Decision trees, a fundamental tool in machine learning, are used for both classification and regression. With each internal node representing a decision based on a feature and each leaf node representing an outcome, decision trees mirror human decision-making processes, making them accessible and interpretable. Their versatility in handling both numerical and categorical data has made them indispensable across various domains such as finance, healthcare, and marketing. It acts as the base for more complex algorithms like Random Forest, XGBoost, and LightGBM.

- Gain a deep understanding of decision trees, including theoretical foundations such as standard deviation reduction, information gain, Gini impurity, and chi-square.
- Develop practical proficiency in implementing decision tree models using Python and scikit-learn, with step-by-step guidance and code explanations.
- Learn to use hyperparameter tuning for decision trees to optimize parameters such as maximum depth and minimum samples split, enhancing model performance and generalization capabilities.

- Introduction
- Anatomy of Decision Tree
- Different Decision Tree Algorithms
- What is Decision Node Splitting?
- What is Standard Deviation Reduction(SDR) ?
- What is Information Gain(IG)?
- What is Gini Index?
- What is Chi-square Test?
- What is Hyper parameter tuning?
- Step 1: Importing necessary libraries
- Step 2: Importing our dataset.
- Step 3: Now we will split the features and target variable
- Step 4: Using sklearn’s train_test_split method
- Step 5: Import the Decision Tree model from sklearn
- Step 6: Evaluation on our Decision Tree classifier
- Step 7: Finding Accuracy of Model
- Step 8: Implement Hyper Parameters of Decision Trees
- Step 9: Trying Hyper Parameter
- Step 10: Using the Hyper Parameter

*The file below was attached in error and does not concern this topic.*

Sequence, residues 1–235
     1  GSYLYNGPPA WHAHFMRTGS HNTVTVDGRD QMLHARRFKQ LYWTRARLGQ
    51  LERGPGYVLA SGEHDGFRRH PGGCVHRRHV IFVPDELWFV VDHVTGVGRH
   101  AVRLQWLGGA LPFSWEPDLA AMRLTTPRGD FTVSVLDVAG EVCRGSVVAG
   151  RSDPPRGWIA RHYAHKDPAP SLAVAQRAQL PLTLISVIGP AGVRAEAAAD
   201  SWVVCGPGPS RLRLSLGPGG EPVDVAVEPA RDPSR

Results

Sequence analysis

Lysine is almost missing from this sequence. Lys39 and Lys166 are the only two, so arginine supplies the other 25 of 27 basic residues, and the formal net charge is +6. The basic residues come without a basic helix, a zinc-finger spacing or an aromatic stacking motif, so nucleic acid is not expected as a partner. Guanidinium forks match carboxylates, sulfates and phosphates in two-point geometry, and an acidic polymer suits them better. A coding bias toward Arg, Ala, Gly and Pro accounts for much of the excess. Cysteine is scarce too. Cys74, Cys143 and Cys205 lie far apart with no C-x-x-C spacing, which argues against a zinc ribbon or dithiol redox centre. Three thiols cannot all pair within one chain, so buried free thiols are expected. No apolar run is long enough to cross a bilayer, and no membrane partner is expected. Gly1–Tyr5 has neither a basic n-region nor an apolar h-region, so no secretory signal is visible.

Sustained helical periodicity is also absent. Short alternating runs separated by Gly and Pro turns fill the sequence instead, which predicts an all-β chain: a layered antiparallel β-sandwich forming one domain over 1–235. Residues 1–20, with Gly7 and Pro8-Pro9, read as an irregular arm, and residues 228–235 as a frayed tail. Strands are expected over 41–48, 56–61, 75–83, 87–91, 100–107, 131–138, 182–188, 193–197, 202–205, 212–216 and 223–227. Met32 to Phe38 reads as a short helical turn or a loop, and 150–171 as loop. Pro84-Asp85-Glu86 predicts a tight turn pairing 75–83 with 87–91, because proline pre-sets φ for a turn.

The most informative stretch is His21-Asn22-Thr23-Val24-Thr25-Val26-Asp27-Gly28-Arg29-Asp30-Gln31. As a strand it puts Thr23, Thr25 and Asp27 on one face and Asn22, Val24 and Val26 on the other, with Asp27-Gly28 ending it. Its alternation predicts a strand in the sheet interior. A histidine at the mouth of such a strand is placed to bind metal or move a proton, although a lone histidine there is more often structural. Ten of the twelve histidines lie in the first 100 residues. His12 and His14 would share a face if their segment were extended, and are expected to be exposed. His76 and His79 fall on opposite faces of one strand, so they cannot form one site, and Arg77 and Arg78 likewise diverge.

- Step 12: Work with max_features

- Summary of Hyper parameter tuning
- Visualization of Decision Tree after Hyper Parameter Tuning
- Conclusion
- Frequently Asked Questions

**Root Node:**Top most node in the Decision Tree. Represents the entire dataset.**Internal node:**Nodes that are in the Decision Tree that are not lead nodes AKA Decision nodes.**Leaf Node:**Terminal node in Decision tree which represents the final outcome.**Decision Rule:**The path from root node to the lead node. Consists of a series of conditions.**Splitting criterion:**Criterion which is used to determine the partition of the dataset.

**ID3(Iterative Dichotomiser 3):** The algorithm constructs a multiway tree by iteratively selecting, in a greedy fashion, the categorical feature for each node that maximizes information gain with respect to categorical targets. Trees are expanded until their maximum size is reached, followed by a pruning step aimed at enhancing the tree’s capacity to generalize to new data.

**C4.5:** an advancement over ID3, eliminates the constraint of categorical features by dynamically defining discrete attributes based on numerical variables, partitioning continuous attribute values into intervals. It transforms the trained trees from the ID3 algorithm into sets of if-then rules. The accuracy of each rule is assessed to determine their sequence of application. Pruning involves removing a rule’s precondition if its accuracy improves without it.

**C5.0:** the latest version released by Quinlan, utilizes reduced memory and generates smaller rule sets compared to C4.5, all while achieving higher accuracy.

**CART(Classification and Regression Trees): **This shares similarities with C4.5, but diverges by accommodating numerical target variables for regression tasks and omitting the computation of rule sets. Instead, CART builds binary trees by selecting the feature and threshold combination that maximizes information gain at each node.

Sklearn uses an optimized version of CART, Sklearn implementation does not support categorical variables for now.

A decision tree is built top-down from a root node and involves partitioning the data into subsets that contain instances with similar values (homogenous). We will be using Standard Deviation Reduction for continuous target variables and Gini, Information Gain and Chi-square for categorical target variables.

We use standard deviation to calculate the homogeneity of a numerical sample. If the numerical sample is completely homogeneous its standard deviation is zero.

Steps involved in Standard Deviation Reduction along with an example dataset:

Compute the standard deviation of the target variable (or the variance, as both are proportional) for the data points in the current node. This represents the impurity or variability of the target variable within the node.

Determine the impact of splitting data on each feature on the standard deviation of the target variable. Compute the standard deviation for each child node resulting from the split and find the weighted average.